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I agree with everyone that has posted here. Everyone can sale and buy without getting the term "scalper" slapped at them. I would buy from you all here and I would sale to all of you here and we can all be free from that term. However, someone not involved in that transaction would then be the one that might toss in that word again. Its at our best interest to not get hot about it. Everyone has their little version of what a scalper is and everyone is right. The word scalper has turned into a word that can really offend someone. The vintage community is highly respected and should not have to deal with this issue. Since we are still all getting along great, maybe we can just call it a day and continue on with out collecting habits and enjoy what we have. Thanks
 
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I'm not sure why it happened or who did it, but I really didn't see any reason for this thread being closed. We are having a civil debate about a topic that does pertain to vintage collectors and the misconceptions of collecting styles. If everyone has said their piece on this topic, the thread will die by itself. If not, I'd hate to restrict a fellow collectors ability to voice their opinion on the subject.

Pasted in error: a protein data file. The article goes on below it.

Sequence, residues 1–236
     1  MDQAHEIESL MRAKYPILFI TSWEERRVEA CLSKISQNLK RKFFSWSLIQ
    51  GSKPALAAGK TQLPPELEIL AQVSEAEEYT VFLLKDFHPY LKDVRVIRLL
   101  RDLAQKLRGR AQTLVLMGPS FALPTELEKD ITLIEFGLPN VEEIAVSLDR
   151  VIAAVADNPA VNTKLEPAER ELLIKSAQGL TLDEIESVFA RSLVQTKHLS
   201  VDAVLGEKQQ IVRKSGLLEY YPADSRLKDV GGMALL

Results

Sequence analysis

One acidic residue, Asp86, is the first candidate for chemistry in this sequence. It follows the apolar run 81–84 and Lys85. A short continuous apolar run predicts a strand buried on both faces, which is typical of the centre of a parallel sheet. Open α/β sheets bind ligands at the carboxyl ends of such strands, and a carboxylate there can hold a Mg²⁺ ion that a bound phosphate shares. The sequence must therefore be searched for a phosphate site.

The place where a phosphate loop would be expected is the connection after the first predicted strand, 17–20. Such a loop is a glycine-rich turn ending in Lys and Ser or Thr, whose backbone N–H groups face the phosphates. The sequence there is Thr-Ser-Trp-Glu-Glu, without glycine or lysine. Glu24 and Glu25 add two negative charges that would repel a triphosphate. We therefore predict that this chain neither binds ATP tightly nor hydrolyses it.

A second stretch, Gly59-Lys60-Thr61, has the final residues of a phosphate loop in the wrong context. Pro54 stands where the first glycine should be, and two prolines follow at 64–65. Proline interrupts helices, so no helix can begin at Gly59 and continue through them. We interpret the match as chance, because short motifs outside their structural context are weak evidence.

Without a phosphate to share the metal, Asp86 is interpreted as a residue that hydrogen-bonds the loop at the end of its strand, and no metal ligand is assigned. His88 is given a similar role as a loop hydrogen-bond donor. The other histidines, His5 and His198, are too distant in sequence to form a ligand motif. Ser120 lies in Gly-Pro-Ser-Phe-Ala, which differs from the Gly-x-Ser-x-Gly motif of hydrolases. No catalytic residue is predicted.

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<BLOCKQUOTE><font size="1" face="Verdana, Arial">quote:</font><HR>Originally posted by darthsmithers:
I really, REALLY wish I never started this topic. It has raised lots of interesting points about who gets to define terms, but it's also beaten a dead horse into a semantic pulp. <HR></BLOCKQUOTE>

I think it's been an interesting debate, and it's obviously a hot-button topic. So you shouldn't feel bad for bringing it up.

There seems to be a slight misconception among some that this has become some huge, knock-down-drag-out argument. On the contrary, I think it's been quite civil. Disagreements aren't bad things so long as people keep their heads.

ron